All that is beautiful, deer in the world and meadows, too. There was a bird who flew only once and then no more. Winds that sweep through the channel— the same winds that keep birds airborne— winds which form sandstone sculptures. I know of these winds which form sandstone, that keep birds airborne. The same winds through the channel— winds that sweep, and then no more. Who flew only once? There was a bird and meadows, too. Deer in the world— all that is beautiful.
Carol Louise is a Northern California poet published in many regional poetry journals including SACRAMENTO VOICES, and also in Ohio and Missouri poetry society anthologies, as well as PEEKING CAT issues and anthologies. She is a regular contributor to Medusa’s Kitchen. When not composing poetry she is busy doing Simulated Client Acting work for several local universities.
Rub us! Her pale toes wiggle as he grips each one with proper respect, never slipping a digit between them because those spaces are the mouths of the feet, and he wouldn’t want them to gag. The massages have been guaranteed each evening, once her keys collapse on the counter and her flats are flung off, for two decades bookended by student ramen and osteoarthritis, every squeeze a symbol of solidarity through flu and SlimFast failures and families crumbling like Gondwana. Get the heel! When tension seeps from a knob of bone repeatedly plastered against the steps of Robie Street, she grinds her green eyes into giddy slits and festoons the cramped bedroom with shrieks of relief.
Zigzagging back and forth across the Canadian/US border, Adrian Slonaker works as a copywriter and copy editor. Adrian’s work has been nominated for Best of the Net and has appeared in Pangolin Review, Aerodrome, WINK: Writers in the Know and others.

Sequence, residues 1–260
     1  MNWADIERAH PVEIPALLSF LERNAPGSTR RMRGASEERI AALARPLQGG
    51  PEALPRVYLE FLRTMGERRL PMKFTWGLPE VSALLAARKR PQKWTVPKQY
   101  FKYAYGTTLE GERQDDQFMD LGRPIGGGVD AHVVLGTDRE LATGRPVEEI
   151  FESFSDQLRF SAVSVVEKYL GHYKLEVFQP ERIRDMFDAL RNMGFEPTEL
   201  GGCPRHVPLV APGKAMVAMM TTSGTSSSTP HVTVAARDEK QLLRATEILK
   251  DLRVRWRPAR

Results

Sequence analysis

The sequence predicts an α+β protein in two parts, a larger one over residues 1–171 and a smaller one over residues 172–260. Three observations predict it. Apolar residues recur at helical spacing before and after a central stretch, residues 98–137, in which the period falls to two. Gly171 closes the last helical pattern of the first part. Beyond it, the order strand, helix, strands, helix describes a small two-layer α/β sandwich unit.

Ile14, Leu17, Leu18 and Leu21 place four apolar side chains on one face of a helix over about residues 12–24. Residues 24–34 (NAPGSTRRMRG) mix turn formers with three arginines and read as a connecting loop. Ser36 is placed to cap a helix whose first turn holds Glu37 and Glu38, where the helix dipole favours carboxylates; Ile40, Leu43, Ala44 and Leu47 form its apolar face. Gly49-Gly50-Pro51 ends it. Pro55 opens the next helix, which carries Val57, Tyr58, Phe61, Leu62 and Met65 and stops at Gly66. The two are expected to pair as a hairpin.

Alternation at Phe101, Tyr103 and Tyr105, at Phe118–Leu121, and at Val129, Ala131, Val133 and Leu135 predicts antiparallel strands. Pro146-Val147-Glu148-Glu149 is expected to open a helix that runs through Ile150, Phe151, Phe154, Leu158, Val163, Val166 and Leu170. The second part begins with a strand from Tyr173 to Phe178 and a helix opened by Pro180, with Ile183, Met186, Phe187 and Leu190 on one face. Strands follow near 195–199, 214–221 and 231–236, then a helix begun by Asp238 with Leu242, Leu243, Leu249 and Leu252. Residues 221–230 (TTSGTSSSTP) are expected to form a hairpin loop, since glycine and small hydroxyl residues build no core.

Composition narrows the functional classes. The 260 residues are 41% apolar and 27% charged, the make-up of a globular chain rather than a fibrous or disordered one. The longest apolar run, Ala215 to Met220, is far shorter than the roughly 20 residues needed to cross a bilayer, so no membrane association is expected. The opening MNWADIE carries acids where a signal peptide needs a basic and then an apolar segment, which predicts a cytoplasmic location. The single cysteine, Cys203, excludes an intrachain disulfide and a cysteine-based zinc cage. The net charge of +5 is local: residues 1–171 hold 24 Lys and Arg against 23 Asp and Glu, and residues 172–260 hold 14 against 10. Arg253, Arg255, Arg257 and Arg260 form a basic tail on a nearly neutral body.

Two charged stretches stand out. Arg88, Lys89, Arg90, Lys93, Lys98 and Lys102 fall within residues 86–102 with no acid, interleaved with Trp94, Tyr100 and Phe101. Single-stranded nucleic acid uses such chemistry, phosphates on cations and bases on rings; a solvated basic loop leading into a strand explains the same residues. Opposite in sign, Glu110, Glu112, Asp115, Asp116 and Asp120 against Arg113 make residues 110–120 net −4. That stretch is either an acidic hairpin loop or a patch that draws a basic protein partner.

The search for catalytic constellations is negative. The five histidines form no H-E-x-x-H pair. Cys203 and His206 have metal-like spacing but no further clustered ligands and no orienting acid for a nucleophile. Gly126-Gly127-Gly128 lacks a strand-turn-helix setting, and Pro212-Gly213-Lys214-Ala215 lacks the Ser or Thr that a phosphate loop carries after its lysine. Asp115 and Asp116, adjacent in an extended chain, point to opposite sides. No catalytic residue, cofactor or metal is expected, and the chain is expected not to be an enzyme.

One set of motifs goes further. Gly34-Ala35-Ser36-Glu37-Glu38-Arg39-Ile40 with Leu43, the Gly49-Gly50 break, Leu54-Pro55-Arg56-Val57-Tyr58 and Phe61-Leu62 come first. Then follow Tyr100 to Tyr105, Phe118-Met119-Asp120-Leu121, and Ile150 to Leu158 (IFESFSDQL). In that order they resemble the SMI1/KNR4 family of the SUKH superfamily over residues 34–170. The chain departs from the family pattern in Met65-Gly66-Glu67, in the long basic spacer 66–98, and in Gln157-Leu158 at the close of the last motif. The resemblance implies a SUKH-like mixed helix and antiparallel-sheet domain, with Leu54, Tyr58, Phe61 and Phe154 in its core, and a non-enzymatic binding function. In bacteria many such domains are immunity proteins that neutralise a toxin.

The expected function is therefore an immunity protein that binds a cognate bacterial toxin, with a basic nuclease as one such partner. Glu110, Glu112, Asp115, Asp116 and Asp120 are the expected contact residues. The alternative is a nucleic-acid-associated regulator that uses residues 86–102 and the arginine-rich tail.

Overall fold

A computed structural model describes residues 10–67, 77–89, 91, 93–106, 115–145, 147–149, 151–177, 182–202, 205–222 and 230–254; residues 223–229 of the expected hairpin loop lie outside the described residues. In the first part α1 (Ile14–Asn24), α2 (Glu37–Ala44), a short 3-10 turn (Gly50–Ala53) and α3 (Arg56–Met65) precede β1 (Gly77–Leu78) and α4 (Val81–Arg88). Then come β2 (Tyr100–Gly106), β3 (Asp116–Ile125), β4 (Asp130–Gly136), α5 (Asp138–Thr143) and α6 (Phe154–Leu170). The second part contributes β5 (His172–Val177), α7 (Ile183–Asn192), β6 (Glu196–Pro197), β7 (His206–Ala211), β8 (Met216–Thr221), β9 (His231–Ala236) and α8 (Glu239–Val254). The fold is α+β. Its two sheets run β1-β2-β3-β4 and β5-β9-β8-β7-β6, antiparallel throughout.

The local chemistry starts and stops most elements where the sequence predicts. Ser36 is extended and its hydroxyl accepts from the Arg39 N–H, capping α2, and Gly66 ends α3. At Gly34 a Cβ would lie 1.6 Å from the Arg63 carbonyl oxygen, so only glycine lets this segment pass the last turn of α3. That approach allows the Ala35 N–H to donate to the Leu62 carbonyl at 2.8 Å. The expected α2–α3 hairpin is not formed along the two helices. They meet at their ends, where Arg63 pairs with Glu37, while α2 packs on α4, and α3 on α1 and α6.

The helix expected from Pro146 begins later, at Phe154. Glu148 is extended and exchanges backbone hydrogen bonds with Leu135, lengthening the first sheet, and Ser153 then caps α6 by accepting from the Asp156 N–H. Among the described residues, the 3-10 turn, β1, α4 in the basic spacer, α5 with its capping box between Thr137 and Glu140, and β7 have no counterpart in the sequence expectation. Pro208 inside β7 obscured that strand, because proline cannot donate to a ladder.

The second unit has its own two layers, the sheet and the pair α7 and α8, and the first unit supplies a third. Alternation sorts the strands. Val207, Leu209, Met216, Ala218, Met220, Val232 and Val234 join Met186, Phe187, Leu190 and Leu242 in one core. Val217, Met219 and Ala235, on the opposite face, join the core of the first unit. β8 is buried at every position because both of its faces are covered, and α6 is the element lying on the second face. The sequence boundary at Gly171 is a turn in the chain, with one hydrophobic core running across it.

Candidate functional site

This process of decay quickens, the heart beat comes too close, too close.
You tell me on the phone your patient has died, at last, you heard his final breath, folded his wrinkled hands holding on, not letting go.
Here, paint flakes, doors refuse to shut, windows warp and out through cracked glass pinks and white-rose petals photosynthesise, then fall in shreds.
I remember my son aged three tottering on wet grass tumbling, tumbling, mum… my… wait for me.
Over there the gypsophilia, we call it baby’s breath, will soon overlay the cracked bird-bath and below in garden’s hollow where pool’s absorbing setting light astilbes crest the golden lilies, butterflies wisp over irises and interleafing the surfacing fish those hostas still whisper life-giving secrets.
Julie Sampson is a widely published poet. She edited Lady Mary Chudleigh’s Selected Poems, 2009 (Shearsman). She has two poetry collections: Tessitura, (Shearsman, 2014); and It Was When It Was When It Was (Dempsey and Windle), 2018. She was highly commended in the Geoff Stevens Memorial Poetry Prize, (IDP). Her website is https://www.juliesampson.com/
Kaity has lipstick on her teeth just an imperfection that I don’t mention
there’s a baby faced kid kissing a train wreck stolen on her cheek between total ignorance of the present. Her cough is hoarse and her life is measured in hard years freebase years shoplifting years and time in between jail sentences family interventions and maternal disappointments
& then there’s Brandon I’ll miss him most of all he’s trapped between the death of the sun & the cold vacuum of eternity; trapped like a ship in a bottle talking just to hear his echoes hit the wall
Luke Kuzmish is a new father, recovering addict, and writer from Erie, Pennsylvania where he was a 2018 finalist for Erie County Poet Laureate. His work has been selected for publication by the likes of Beatnik Cowboy, Rigg Welter, Call Me [Brackets], Ink Sweat and Tears, Poets’ Hall Press, Mojave River Review, amongst others. His first full-length collection of poetry, “Little Hollywood,” was published by Alien Buddha Press in 2018.
I long for the high cliff above a battering sea, the long fast drop in slashing winds, the howl of exit quickly made, not cemented into these beds, vacant eyes locked into sharp lights, a mob of IVs jammed into emaciated arms, truth rough handled, contorted by white coated messengers delivering death’s missives, reports of the body’s surrender, until the smell of my own demise is all that remains of once glorious dreams.